ofType(type : identifier)

Determines whether an element is of a specific type.

memberOf(valueset : string)

Determines whether input is a member of a specific valueset.

htmlChecks()

When invoked on an xhtml element returns true if the rules around HTML usage are met, and false if they are not.

Invoking the FhirPath Compiler directly

The FhirPath compiler is just another public class in the Hl7.FhirPath namespace. It has a constructor which takes an argument of type SymbolTable - the key to full control over the installed dialect:

var symbolTable = new SymbolTable()
      .AddStandardFP()
      .AddFhirExtensions();
var newCompiler = new FhirPathCompiler(symbolTable);

You can now use the compiler to:

  • Compile() an expression to a ready-to-execute delegate (called CompiledExpression)

  • Parse() an expression to an abstract symbol tree, for display or debugging purposes

Invoking the CompiledExpression is equivalent to using the Select() function described above. The other functions, like IsBoolean are also available (as extension methods).

Evaluation Contexts

The extension methods and the CompiledExpression all take an expression (as a string) and a second parameter, the EvaluationContext. The context can normally be ignored, but is used to set specific environment-variables in case the defaults don’t work out:

Properties in EvaluationContext

EvaluationContext.Resource

Gets or sets the node returned by the %resource environment variable. Default is null.

EvaluationContext.RootResource

Gets or sets the node returned by the %rootResource environment variable. Default is null.

EvaluationContext.Tracer

A delegate that handles the output for the trace() function.

FhirEvaluationContext.ElementResolver

A delegate that resolves an uri to an instance of FHIR data (ITypedElement). This callback is used by the FHIR specific method resolve().

Note that FhirEvaluationContext is only used by the POCO extension methods for FhirPath, as it provides a property for setting the resolver.

Best practices

Although it is seemingly easy to invoke FhirPath, there are a few details that are easy to get wrong.

Start evaluation from the root

To make the resolve() function work well (e.g. to resolve to entries in a Bundle or to a contained resource), the FhirPath engine needs to have “seen” all the resources while navigating through the data, which means you need to evaluate Bundles from their roots.

Bundle b = new() {...}

// The engine has worked from the root of the bundle down, so it knows how to resolve to other entries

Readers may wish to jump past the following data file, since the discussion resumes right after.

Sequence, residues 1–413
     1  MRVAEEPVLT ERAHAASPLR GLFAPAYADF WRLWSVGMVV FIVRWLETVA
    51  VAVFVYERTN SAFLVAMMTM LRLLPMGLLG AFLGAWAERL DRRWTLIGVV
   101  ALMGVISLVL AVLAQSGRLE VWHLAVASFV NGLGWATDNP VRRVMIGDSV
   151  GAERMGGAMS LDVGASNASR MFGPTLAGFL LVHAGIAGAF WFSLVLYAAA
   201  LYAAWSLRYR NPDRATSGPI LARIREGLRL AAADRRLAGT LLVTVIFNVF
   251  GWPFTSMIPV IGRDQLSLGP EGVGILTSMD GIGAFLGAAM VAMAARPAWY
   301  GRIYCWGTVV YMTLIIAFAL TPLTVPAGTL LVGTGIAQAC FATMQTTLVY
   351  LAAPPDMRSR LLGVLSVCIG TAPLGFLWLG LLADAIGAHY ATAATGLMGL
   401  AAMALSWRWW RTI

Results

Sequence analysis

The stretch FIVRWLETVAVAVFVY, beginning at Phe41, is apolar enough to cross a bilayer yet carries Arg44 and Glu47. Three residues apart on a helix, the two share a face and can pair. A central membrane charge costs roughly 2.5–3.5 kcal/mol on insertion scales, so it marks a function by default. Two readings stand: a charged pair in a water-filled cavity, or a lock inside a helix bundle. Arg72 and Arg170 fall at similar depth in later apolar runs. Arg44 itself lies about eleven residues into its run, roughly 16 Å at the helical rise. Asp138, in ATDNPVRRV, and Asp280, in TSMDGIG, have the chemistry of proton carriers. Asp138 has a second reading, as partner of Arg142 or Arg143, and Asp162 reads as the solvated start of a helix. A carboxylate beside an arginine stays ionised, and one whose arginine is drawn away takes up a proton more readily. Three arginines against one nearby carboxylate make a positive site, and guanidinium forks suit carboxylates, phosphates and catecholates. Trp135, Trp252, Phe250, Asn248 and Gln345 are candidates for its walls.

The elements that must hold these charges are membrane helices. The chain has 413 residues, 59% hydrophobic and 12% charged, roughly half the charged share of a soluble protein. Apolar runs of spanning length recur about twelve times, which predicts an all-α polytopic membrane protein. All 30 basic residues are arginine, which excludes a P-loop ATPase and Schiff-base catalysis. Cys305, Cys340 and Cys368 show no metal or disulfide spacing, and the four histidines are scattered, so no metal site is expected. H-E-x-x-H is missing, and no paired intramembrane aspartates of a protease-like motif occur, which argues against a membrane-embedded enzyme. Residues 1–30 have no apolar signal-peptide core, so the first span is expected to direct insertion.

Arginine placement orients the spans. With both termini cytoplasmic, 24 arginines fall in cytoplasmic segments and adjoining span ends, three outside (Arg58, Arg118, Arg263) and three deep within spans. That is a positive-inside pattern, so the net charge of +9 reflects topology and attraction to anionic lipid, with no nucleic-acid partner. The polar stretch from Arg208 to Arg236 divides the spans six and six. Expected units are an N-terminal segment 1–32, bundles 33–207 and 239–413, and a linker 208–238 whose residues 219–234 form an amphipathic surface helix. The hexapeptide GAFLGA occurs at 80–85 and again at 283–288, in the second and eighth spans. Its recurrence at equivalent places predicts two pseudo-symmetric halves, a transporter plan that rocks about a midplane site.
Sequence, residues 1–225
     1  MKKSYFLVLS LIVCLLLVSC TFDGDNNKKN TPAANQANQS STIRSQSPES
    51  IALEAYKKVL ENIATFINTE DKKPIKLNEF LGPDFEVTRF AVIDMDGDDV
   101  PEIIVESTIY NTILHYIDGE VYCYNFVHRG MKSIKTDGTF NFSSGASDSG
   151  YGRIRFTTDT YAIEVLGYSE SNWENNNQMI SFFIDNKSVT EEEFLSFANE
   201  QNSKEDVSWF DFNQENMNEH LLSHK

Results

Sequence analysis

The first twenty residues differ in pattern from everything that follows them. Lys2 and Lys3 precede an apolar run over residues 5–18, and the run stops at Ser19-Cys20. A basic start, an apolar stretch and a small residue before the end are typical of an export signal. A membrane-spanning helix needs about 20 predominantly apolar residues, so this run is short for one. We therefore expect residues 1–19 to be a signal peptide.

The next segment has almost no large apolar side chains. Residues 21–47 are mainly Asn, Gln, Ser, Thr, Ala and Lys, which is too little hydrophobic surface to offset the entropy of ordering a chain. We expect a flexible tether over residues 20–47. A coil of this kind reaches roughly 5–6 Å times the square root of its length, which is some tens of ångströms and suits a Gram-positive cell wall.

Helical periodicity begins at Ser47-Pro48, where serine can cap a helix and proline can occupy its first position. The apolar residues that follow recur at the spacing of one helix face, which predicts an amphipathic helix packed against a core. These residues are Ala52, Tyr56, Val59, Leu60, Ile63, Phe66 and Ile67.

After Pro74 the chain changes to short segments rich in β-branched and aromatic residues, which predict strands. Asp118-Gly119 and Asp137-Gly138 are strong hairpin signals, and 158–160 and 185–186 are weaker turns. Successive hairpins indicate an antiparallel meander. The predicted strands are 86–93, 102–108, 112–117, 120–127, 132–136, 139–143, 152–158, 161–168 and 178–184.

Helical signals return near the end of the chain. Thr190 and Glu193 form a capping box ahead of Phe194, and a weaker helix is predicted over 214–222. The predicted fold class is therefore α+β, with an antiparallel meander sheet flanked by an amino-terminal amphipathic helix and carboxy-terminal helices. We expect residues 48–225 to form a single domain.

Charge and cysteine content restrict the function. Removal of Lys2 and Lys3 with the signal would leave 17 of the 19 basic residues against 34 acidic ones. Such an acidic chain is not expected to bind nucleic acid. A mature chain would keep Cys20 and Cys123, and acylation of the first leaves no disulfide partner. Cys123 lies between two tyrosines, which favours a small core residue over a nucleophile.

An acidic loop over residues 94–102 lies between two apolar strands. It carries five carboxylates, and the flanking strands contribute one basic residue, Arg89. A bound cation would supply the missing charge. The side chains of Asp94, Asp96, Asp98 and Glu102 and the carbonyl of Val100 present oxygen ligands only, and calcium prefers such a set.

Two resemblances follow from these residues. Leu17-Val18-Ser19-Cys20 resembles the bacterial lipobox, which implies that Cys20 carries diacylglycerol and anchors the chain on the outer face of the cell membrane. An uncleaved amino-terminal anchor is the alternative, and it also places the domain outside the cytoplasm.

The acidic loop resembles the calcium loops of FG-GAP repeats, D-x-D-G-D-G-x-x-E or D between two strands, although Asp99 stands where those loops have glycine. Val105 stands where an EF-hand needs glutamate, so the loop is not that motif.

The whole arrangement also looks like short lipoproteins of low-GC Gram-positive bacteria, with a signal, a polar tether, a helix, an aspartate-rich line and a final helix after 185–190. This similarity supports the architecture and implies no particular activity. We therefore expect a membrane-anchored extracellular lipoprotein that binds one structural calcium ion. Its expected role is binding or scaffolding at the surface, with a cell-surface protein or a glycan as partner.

var active = b.Select("Bundle.entry.ofType(Patient).organization.resolve()");

// The engine was started from the nested Patient node, so does not know how to find other entries.
var org = Bundle.entry.OfType<Patient>[0];
var active2 = org.Select("organization.resolve()");

// This is fine too, since the context is transferred from call to call.
var org2 = b.Select("Bundle.entry.ofType(Patient)");
var active3 = org2.Select("organization.resolve()");

Use a context constructor which takes a resource to set %resource

Although not many FhirPath statements use the %resource and %rootResource environment variables, they do get used, and the default constructors will make it easy for you to not set them (blame us for that). To make sure these variables work well, you should pass a sensible EvaluationContext to the FhirPath functions, even though they are optional:

Patient p = new() {...}
var hasName = p.IsTrue("Patient.name.exists()", new FhirEvaluationContext(p.ToScopedNode()));

As you can see, we are passing in a new FhirEvaluationContext, constructed with a reference to the root of the object. Additionally, the FhirPath engine needs its data to be a ScopedNode. This is a wrapper for ITypedElement that keeps track of parent nodes, contained nodes an entry nodes in a Bundle, and does the heavy lifting for making resolve() work (see previous section).

Set the Resolver property in the FhirEvaluationContext

Finally, the engine needs you to supply a delegate when you want resolve() to be able to reach out to instances of Resources (via uri) that it cannot locate itself. The delegate you need to supply takes a single string parameter (the uri), and returns an ITypedElement. Just like in the previous section, it would be best if you call ToScopedNode() on it before you return the instance.

var ctx = new FhirEvaluationContext(p.ToScopedNode());
ctx.Resolver = myResolver;

ITypedElement myResolver(string uri)
{
     var resolved = ...;
     return resolved.ToScopedNode();
}

If you are thinking: couldn’t this be easier? Yes, we think so - but most of the solutions would be breaking changes. We are working on it ;-)